Among the notable prospects the Yankees are leaving exposed to the Rule 5 Draft are IF Abi Avelino, LHP Nestor Cortes, OF Rashad Crawford, RHP J.P. Feyereisen, 1B Mike Ford, RHP Anyelo Gomez, RHP Brady Lail, OF Alex Palma, and LHP Stephen Tarpley. I suspect Cortes and Gomez will get selected in the Rule 5 Draft. Feyereisen and Tarpley are candidates to get picked.

As a reminder, players selected in the Rule 5 Draft must remain on their new team’s 25-man active big league roster all of next season, or be placed on waivers and offered back to the Yankees. Most Rule 5 Draft players do not stick. The Yankees lost four players in the Rule 5 Draft last season (Torrens, Smith, Tyler Jones, Tyler Webb) and all but Torrens were returned.

Thoughts on Baseball Prospectus’ top ten Yankees prospects

Adams. (The Citizens' Voice)
Adams. (The Citizens’ Voice)

Now that the 2017season is over, the crew at Baseball Prospectus is storming through their annual look at the top ten prospects (plus more) in each farm system. Yesterday they hit the Yankees. From what I can tell, the entire article is free. You don’t need a subscription to read the commentary.

“A year after being deadline sellers, the Yankees thinned out their farm with graduations and a pair of July 31st buys. The system is down a little, but has an elite 1-2 punch at the top and a bonanza of high-upside teenagers further down the organizational totem pole,” said the write-up. Here’s the top ten:

  1. SS Gleyber Torres
  2. OF Estevan Florial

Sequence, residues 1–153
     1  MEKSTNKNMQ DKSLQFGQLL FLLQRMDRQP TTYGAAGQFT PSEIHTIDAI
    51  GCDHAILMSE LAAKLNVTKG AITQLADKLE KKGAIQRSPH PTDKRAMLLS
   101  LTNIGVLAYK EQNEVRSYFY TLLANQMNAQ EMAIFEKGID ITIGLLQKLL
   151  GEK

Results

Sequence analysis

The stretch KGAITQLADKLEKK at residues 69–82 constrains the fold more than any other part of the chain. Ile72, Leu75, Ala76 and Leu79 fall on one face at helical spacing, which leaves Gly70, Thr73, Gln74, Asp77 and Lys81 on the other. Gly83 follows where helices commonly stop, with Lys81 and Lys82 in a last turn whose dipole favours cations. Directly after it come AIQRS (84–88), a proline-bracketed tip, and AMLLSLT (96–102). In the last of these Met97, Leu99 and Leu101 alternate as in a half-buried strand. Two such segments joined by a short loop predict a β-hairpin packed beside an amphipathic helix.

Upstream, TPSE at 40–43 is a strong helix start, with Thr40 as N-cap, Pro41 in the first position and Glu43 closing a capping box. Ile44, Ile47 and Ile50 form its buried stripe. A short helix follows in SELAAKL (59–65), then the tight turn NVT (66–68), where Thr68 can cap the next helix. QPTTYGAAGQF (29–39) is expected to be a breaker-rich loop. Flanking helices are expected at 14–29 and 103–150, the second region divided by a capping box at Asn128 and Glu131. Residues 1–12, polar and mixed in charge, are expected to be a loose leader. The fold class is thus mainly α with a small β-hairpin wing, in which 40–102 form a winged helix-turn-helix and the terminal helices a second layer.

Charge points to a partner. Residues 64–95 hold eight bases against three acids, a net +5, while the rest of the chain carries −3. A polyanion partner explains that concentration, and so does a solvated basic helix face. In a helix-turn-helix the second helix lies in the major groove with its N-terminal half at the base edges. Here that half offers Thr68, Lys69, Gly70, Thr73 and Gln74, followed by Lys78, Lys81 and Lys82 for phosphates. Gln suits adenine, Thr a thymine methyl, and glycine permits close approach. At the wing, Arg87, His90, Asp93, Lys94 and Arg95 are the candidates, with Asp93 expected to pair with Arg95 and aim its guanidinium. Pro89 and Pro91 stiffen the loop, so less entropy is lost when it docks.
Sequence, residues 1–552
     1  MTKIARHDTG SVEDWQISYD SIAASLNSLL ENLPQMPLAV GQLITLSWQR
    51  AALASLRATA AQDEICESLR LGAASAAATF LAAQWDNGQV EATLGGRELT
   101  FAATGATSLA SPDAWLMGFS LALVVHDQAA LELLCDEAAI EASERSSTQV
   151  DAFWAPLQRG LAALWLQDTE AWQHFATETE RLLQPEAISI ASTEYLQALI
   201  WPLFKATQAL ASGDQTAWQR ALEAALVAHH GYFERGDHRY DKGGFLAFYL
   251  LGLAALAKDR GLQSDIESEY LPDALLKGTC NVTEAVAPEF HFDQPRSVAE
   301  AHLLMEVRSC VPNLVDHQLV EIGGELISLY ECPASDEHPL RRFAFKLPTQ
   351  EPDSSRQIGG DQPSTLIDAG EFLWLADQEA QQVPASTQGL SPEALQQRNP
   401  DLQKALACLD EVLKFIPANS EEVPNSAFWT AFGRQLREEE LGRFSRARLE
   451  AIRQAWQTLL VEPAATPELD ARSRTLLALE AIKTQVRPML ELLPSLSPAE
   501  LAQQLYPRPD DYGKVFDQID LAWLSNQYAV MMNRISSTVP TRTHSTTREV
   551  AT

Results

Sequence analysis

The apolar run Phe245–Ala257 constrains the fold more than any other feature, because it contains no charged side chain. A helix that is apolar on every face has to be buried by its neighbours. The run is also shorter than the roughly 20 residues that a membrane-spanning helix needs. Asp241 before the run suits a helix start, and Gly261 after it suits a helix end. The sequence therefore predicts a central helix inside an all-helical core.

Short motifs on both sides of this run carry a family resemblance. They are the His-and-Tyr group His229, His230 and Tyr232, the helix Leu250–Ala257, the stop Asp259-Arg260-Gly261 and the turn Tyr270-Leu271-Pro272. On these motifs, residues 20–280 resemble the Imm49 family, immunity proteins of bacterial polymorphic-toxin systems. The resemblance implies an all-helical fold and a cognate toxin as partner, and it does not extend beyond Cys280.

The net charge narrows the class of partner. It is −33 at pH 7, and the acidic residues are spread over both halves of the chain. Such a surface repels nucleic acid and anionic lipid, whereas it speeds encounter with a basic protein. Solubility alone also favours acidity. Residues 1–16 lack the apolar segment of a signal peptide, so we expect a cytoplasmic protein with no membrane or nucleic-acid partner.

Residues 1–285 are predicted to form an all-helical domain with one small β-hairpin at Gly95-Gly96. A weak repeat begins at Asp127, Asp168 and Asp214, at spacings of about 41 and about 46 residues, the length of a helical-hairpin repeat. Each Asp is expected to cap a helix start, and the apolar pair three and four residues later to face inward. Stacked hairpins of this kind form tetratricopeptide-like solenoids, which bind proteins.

3. RHP Chance Adams
  4. LHP Justus Sheffield
  5. RHP Albert Abreu
  6. 3B Miguel Andujar
  7. RHP Domingo Acevedo
  8. RHP Domingo German
  9. RHP Matt Sauer
  10. RHP Luis Medina

Both OF Clint Frazier and UTIL Tyler Wade exhausted their rookie eligibility this season, which is why they’re not in the top ten. Frazier exceeded the 130 at-bat rookie limit (he finished with 134) while Wade accrued too much service time. The rookie limit is 45 days outside the September roster expansion period. Wade finished with 50 such days, by my unofficial count. Anyway, some thoughts.

1. A year ago at this time the farm system was very position player heavy. The top four and six of the top nine prospects in the system were position players, per Baseball Prospectus. Six of my top eight were position players. Now Baseball Prospectus has seven pitchers among the top ten prospects in the organization. Furthermore, six prospects in the 11-20 range are pitchers as well. That’s a lot of quality arms! And the Yankees are going to need them too. Pitchers break down, they fail to develop a third pitch, etc. There are so many things that can derail development. Plus young pitching is the best currency in baseball. It can get you almost anything you want at the trade deadline. We could start to see the system strength shift from position players to pitchers earlier this year. Now this is damn close to a pitcher first farm system.